Life as Relation: Classical Metaphysics and Trinitarian Ontology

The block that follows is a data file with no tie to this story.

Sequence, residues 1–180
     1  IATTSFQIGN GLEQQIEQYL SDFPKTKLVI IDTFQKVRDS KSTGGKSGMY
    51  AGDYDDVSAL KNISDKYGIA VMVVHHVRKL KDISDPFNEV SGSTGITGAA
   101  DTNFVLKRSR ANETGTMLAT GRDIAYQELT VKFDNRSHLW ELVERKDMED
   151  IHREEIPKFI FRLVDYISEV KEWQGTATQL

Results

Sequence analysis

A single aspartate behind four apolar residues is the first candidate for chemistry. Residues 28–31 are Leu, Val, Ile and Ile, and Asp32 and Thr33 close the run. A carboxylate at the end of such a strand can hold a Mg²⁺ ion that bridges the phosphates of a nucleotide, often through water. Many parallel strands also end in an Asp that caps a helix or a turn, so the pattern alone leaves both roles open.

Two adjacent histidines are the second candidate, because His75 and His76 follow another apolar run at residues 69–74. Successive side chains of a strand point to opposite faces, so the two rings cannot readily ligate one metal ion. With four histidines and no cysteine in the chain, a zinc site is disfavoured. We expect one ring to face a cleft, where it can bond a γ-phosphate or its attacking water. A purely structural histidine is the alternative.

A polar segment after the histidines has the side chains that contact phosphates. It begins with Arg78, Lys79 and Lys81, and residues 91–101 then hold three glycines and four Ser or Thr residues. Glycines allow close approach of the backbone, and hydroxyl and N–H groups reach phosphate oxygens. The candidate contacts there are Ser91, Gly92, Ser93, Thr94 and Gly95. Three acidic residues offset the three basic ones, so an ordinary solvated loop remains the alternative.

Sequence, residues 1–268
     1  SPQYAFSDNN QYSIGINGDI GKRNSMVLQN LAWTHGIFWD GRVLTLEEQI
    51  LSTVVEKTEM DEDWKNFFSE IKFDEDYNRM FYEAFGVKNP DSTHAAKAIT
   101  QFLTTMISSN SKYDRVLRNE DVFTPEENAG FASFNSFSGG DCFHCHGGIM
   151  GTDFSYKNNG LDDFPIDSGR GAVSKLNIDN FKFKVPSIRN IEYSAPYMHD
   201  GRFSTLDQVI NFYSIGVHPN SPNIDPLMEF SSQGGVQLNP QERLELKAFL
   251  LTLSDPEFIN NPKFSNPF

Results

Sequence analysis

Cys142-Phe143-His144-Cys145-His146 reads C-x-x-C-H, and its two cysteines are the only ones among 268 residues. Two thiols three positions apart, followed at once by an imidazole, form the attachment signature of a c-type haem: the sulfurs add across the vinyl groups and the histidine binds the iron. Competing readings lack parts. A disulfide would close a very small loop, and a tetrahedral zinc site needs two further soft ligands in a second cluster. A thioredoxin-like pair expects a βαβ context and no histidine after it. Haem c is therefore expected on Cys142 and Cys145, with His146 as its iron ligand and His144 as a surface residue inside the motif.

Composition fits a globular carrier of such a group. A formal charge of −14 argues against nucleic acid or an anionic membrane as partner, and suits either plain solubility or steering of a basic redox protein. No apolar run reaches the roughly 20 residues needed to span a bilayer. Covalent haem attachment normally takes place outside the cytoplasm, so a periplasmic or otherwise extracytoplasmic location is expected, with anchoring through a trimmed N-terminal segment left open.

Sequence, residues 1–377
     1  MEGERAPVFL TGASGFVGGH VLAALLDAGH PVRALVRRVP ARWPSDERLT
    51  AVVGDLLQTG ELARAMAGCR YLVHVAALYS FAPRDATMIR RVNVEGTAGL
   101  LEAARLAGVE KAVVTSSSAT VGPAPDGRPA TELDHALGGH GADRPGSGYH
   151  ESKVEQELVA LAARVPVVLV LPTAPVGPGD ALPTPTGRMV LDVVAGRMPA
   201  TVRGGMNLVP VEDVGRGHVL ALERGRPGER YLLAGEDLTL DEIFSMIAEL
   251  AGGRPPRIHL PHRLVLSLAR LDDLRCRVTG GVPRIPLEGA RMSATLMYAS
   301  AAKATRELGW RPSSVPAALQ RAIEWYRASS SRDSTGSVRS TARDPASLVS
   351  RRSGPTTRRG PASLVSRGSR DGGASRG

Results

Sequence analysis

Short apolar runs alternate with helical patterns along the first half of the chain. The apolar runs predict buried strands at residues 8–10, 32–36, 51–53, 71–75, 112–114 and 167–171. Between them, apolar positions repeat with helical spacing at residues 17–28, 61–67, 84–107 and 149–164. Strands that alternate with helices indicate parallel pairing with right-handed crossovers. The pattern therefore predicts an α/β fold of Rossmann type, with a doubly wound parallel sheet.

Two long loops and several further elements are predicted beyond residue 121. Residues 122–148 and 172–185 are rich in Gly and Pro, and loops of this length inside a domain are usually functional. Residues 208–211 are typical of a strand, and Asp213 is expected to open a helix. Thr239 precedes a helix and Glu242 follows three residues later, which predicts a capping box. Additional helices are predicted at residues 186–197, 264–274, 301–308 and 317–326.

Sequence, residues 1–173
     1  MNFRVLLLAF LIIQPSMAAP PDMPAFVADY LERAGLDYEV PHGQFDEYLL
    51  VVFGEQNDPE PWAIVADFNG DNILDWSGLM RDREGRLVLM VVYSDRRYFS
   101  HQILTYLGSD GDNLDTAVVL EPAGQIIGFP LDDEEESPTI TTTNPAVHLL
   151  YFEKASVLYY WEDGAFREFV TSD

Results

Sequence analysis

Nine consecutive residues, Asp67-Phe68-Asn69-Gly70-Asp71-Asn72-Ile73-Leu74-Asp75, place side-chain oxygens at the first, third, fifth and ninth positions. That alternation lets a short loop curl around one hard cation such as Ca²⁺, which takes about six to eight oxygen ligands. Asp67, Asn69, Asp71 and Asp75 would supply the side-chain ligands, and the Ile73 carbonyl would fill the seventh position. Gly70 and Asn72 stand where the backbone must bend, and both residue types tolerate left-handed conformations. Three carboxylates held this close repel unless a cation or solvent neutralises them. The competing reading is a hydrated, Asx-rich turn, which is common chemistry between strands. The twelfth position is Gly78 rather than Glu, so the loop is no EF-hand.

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Life is a theological and metaphysical problem, because it constitutes the apex of the realm of being. The Aristotelian Unmoved Mover was identified with Life as the act of thinking. Christian doctrine affirms that God is triune just as Life, but here identified both with Logos and Love. The ontology of the First Principle is different in Classical metaphysics and in Trinitarian theology. The question discussed in the paper is how this difference affects the understanding of the relationship between God and the world. Having recourse to the theological framework developed by the Cappadocian Fathers in the discussions that lead to the formulation of the Trinitarian dogma in the 4th century, free and mutual relation is presented as the key concept that was used in theology to overcome the limitations of the metaphysics of the time and to extend it in order to develop a new ontology that is an ontology of life. Trinitarian ontology may also aid our understanding of created life, because it is not simply meta-physics, i.e. a description of man and God according to the category of necessity, but is ana-physics: life is understood from above with suitable categories for free beings.
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